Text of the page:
[lg policy] A leading oil sands lender adopts policy language considered the gold standard for protecting rights of indigenous peoples, but is it just rhetoric?
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Fri Jan 7 17:22:01 UTC 2011
A leading oil sands lender adopts policy language considered the gold
standard for protecting rights of indigenous peoples, but is it just
By Stacy Feldman at SolveClimate
Thu Jan 6, 2011 2:23pm EST
By Stacy Feldman
The Royal Bank of Canada (RBC) — one of the world's biggest financiers
of Canadian oil sands — has expanded its environmental policy to give
more say to indigenous peoples when considering underwriting mining
projects and pipelines blamed for polluting their lands.The decision
to consult First Nations on "high-impact" investments, such as
Alberta's oil sands, was hailed by environmental and indigenous groups
as a sign of how far financial institutions have come in acknowledging
the risks of fossil fuel development to Native Americans — and to
their own bottom lines.
"This is certainly one of the strongest commitments we have seen from
a bank of RBC's size in terms of indigenous rights," said Brant Olson,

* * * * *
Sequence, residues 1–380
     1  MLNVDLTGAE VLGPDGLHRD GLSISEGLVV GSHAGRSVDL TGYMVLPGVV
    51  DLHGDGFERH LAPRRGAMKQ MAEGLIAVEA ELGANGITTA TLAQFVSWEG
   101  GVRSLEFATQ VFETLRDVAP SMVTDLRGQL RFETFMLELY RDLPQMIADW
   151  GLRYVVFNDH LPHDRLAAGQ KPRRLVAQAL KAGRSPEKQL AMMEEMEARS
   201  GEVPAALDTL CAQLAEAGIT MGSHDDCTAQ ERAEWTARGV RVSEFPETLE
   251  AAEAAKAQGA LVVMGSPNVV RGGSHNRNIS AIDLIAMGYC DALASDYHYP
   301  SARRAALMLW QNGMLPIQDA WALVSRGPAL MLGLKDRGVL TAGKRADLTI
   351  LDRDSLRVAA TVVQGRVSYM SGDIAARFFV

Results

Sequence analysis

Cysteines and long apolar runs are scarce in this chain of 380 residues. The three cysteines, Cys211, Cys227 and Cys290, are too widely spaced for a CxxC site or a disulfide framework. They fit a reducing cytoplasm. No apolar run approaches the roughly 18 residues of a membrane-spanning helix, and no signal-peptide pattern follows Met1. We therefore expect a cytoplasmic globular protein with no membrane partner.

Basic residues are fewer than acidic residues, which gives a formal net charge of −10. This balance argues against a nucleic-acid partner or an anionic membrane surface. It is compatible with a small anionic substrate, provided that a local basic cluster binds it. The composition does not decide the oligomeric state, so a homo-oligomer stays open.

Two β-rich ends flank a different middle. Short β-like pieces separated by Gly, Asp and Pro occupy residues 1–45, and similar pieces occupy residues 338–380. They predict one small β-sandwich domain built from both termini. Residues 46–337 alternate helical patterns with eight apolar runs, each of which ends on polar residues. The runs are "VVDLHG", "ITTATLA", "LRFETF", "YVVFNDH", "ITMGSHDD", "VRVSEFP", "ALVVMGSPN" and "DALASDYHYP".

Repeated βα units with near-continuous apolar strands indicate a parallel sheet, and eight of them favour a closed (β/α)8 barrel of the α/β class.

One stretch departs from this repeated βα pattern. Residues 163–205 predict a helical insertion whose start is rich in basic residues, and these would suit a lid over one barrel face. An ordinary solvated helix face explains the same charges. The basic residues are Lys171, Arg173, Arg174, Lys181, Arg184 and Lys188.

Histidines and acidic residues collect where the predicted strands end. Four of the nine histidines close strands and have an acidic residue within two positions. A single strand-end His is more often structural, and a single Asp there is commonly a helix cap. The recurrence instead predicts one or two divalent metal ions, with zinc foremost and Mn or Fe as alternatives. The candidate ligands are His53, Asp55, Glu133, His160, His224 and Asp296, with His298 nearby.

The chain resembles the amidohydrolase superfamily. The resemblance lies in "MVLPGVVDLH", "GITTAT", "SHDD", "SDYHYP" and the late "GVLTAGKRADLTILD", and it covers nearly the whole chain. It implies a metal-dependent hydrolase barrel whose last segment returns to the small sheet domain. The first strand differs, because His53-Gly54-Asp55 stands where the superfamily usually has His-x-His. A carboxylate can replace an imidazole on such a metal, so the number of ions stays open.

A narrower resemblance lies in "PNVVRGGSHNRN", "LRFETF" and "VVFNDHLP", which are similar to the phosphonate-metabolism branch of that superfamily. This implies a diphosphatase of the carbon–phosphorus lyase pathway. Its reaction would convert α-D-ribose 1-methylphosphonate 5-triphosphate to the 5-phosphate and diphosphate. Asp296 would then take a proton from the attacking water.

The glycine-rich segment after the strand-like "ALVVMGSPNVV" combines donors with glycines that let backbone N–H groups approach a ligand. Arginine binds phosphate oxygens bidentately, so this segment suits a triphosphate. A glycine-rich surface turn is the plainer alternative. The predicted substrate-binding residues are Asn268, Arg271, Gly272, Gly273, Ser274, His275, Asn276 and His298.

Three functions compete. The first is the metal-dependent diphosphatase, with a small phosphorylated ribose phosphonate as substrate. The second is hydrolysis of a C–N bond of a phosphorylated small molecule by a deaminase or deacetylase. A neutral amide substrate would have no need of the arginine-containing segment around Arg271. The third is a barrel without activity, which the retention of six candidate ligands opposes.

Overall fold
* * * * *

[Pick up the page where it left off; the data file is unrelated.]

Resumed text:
campaign director for advocacy group Rainforest Action Network (RAN).
"The bank has made real progress." The decision was disclosed by RBC
on its website on December 22, in a 282-word message from President
and CEO Gordon M. Nixon. Details are thin on the so-called "Policy on
Environmental and Social Risk Management for Capital Markets." But
Geoff Owen, a spokesperson for RBC, confirmed that it "formalizes
consultation with First Nations" for the first time.
First Nations say oil sands extraction and pipelines have polluted
waterways and indigenous villages. "It is a policy that governs when,
where and how we lend, particularly in heavy manufacturing and natural
resources," Owen told SolveClimate News.
More Than Meets the Eye?
RAN and indigenous groups that lobbied RBC for two years to change its
policy insist there is far more to the standards than was disclosed
They say groundbreaking language was approved in official internal
policy that they reviewed, which directs RBC's oil and gas clients to
have "policies and processes consistent with the standard of free,
prior and informed consent" in community relations with First Nations.
That well-known clause, known as FPIC (pronounced eff-pick ), is
considered the international gold standard for protecting the rights
of indigenous peoples.
It comes from the UN Declaration on the Rights of Indigenous People
that Canada and the U.S. endorsed in recent months after vetoing it in
2007, along with Australia and New Zealand.
According to Olson: "The Harper administration making that decision
opened up space for the bank to take stronger position on the issue."
Of course, what constitutes "consent" is still a matter of interpretation.
More at: http://www.reuters.com/article/idUS362545447820110106
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